A newspaper publisher (Emory Parnell) is being blackmailed by a burlesque queen (Joan Woodbury), and he sends one of his reporters (William Tracy) to talk to her. The girl is murdered and ...
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Colonel Barkley is very proud of his assistant, Sergeant Doubleday, who has a photographic memory. Doubleday shows off his book knowledge on firearms during a class given by Sergeant Ames, ... See full summary »
Cass Brown is about to marry for the second time; his first marriage, to Isabel, was annulled. But when he discovers that Isabel just had their baby, Cass kidnaps the infant to keep her ... See full summary »
When the bride's mother is supposedly swindled out of her money by a spurned suitor, the groom's father orchestrates a scheme of his own to set things right. He is aided by a cabaret singer... See full summary »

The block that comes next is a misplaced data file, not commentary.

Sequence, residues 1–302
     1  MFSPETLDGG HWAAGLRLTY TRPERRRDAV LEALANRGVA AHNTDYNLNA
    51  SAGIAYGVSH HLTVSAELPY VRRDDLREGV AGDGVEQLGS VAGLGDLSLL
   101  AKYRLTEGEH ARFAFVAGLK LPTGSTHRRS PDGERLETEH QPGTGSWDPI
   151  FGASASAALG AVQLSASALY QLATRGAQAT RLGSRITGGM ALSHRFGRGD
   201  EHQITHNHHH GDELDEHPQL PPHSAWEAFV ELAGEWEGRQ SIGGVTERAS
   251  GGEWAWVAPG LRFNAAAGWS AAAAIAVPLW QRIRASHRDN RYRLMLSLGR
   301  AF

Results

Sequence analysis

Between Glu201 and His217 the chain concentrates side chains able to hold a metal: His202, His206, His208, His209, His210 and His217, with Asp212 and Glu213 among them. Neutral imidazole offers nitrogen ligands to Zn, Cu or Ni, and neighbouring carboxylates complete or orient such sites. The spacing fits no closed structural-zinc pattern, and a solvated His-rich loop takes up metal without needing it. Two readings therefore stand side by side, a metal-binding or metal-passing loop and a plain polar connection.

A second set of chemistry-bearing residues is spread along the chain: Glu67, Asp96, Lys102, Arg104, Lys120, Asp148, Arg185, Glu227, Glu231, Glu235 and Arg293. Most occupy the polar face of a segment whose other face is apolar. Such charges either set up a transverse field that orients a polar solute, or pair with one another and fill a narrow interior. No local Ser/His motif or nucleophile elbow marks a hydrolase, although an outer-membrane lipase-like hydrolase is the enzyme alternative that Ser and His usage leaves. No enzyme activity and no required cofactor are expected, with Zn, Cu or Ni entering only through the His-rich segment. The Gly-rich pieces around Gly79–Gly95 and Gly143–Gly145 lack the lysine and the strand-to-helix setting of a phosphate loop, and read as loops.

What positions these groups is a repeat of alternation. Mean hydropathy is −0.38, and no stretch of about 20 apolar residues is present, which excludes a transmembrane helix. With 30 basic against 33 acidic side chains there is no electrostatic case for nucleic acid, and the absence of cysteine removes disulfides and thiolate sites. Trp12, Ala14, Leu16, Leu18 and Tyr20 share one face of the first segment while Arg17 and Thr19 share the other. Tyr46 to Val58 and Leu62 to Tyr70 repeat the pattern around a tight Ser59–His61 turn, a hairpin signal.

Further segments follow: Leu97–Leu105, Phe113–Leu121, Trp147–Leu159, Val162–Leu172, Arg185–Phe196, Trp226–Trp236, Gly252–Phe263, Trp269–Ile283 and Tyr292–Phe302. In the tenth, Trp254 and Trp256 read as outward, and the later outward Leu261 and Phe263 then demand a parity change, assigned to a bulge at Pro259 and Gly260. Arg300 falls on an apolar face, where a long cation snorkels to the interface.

A newspaper publisher (Emory Parnell) is being blackmailed by a burlesque queen (Joan Woodbury), and he sends one of his reporters (William Tracy) to talk to her. The girl is murdered and the reporter, the publisher and the publisher's daughter (Beverly Loyd) all come under suspicion.Written by
Les Adams <email@example.com>
This film is actually one of the "Sgt. Doubleday" series that was popular in the 1940's. In this one, both Doubleday and Ames are civilians. Tracy is a reporter, and Sawyer is a police officer. They are more of a team in this film than they were in the Army comedies, even though their characters are the same.
This was one of the "Hal Roach Streamliner" comedies, and at a shorter than full length running time, it moves quickly from one situation to another. Fast paced and fun, these films deserve to be seen again. William Tracy was a very funny comedian, and Joe Sawyer was a perfect comical nemesis.
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